Drake Ofsthun has come a long way since he first launched a plastic boat in the muddle puddles at the end of his parents’ driveway.
The recent Kamiakin graduate now launches bass boats into the Columbia River, then works at trying to reel in “the big one” during tournaments.
His dedication and love of fishing have paid off. Ofsthun, 18, and his younger brother Reed, 15, will represent Washington at the Costa Bassmaster High School National Championship from June 19-24 at Kentucky Lake in Paris, Tenn.
“I’m not nervous,” said Drake, who has been fishing for 15 years. “We could finish dead last — I’m just excited for the experience. If you like fishing, it’s intense. Fishing can be relaxing, but in tournaments, it is intense, especially if you lose a big fish.”
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We could finish dead last — I’m just excited for the experience. If you like fishing, it’s intense.
For Reed, who only started competitive fishing about two years ago, the adventure hasn’t quite sunk in.
“It hasn’t hit me yet,” he said. “There will be about 150 teams. I think when I see everything, it will.”
The Ofsthun brothers have been fishing with their dad, Todd, and the Columbia Basin Bass Club since they were tykes.
While Drake gravitated toward the activity right away, it has taken Reed several years to grasp the nuances of the sport.
“I was more into baseball and basketball,” said Reed, who gave up Legion baseball this summer for the tournament. “He was going fishing while I was shooting hoops.”
And when Reed would tag along with his dad and brother, it wasn’t all about fishing.
“They would fish for hours,” Reed said. “I would play with the fish and eat everything in the ice chest. It wasn’t until a couple of years ago that I really got into it.”
You can’t just drop a line in the water and haul in an invite to nationals, which is touted as the biggest high school fishing tournament in the world.
The Ofsthuns were part of the Washington State B.A.S.S. Federation High School bass fishing circuit for the 2016-17 season. That included four one-day tournaments to try and catch your limit and hope your fish were nice and plump.
They finished first, third, sixth and second at the events, held on the Columbia River and at Potholes Reservoir near Moses Lake.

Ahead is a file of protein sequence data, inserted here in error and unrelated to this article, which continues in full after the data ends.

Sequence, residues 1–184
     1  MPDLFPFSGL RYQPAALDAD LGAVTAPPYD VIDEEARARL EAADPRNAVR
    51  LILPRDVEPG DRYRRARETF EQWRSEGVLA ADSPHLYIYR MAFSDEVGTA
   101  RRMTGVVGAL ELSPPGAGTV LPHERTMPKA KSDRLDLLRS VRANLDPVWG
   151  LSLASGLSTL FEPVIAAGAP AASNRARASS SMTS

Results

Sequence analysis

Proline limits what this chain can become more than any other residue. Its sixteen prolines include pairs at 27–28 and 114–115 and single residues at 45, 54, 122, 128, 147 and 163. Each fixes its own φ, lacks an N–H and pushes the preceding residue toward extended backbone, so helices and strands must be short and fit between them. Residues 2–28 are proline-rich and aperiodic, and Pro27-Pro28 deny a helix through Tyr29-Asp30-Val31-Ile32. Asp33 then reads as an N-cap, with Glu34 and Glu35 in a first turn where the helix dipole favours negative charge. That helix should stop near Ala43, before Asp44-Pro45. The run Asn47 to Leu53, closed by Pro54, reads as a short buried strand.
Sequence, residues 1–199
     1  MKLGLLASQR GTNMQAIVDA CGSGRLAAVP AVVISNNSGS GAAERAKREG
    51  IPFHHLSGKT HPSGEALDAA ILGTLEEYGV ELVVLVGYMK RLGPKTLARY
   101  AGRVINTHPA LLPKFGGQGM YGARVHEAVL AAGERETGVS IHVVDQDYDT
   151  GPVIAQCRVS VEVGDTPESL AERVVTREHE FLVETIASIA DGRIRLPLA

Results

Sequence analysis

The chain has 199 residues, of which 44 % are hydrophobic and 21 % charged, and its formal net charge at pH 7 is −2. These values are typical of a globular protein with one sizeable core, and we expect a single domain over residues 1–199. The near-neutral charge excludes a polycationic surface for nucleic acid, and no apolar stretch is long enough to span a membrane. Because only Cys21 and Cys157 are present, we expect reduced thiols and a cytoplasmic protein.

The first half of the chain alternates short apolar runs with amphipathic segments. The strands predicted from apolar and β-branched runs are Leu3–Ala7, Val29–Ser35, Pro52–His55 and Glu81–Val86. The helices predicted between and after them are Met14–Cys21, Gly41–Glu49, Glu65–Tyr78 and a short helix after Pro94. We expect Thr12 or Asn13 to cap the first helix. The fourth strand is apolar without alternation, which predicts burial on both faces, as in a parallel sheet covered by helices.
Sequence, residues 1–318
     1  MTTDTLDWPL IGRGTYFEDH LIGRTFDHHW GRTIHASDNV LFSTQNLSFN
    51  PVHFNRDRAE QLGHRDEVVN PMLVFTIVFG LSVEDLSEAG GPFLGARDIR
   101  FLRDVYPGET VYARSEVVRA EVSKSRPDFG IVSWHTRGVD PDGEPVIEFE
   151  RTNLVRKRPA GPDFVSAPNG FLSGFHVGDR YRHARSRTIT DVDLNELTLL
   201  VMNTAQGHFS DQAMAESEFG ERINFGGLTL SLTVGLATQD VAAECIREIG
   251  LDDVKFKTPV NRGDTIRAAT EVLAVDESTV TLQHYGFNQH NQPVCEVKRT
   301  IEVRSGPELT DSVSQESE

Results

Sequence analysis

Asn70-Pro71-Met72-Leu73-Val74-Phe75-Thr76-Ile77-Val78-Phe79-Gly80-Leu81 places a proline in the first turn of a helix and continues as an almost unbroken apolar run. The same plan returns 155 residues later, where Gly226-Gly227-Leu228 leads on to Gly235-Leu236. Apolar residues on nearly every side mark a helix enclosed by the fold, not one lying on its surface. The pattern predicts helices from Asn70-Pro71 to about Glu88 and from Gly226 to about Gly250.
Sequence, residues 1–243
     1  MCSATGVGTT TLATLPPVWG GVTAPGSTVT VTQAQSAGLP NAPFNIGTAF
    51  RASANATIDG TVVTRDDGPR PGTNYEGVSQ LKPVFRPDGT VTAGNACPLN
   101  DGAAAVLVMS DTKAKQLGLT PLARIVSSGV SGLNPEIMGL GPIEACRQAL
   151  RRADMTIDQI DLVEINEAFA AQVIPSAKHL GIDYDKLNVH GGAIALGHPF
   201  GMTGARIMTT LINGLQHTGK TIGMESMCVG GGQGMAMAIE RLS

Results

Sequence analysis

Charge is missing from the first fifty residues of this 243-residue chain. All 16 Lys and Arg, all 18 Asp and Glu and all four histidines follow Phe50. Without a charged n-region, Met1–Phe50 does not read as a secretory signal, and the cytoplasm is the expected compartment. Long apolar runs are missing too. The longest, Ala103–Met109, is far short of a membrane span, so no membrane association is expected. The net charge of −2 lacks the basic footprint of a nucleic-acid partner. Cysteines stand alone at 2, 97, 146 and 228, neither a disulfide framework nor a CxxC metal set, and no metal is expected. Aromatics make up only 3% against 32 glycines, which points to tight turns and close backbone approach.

Teams hope to catch their limit of five fish each day. Once caught, fish are kept in live wells in the boat. Once they are weighed, they are released back into the water. If a fish should die, you are assessed a small penalty.
The Ofsthun’s final haul April 30 was 15.34 pounds of largemouth bass, which included a late fish caught by Reed that helped punch their ticket to Tennessee.
“We wouldn’t be going if not for Reed,” Drake said. “He caught the last fish we needed. I don’t think I have ever been that excited about a fish that small.”
The key to a good day of tournament fishing is education.
“First, you have to understand the time of year where you are fishing,” Drake said. “If you don’t have any bites in 30 minutes, you have to move. And you have to have the right lures for where you are going.”
The Ofsthuns will rent a bass boat at nationals, and will have two days of pre-tournament fishing before competition begins June 22.
The full field will compete on the first two days, after which the field will be cut to the top 10 teams on the final day.
Cast a helping hand
If you would like to help the Ofsthuns with their trip to nationals, there is a temporary savings account at Gesa under Drake Ofsthun, account No. 4003018367.
There also is a gofundme account under Kennewick Bass Angling Brothers. So far, that account has raised more than $2,400.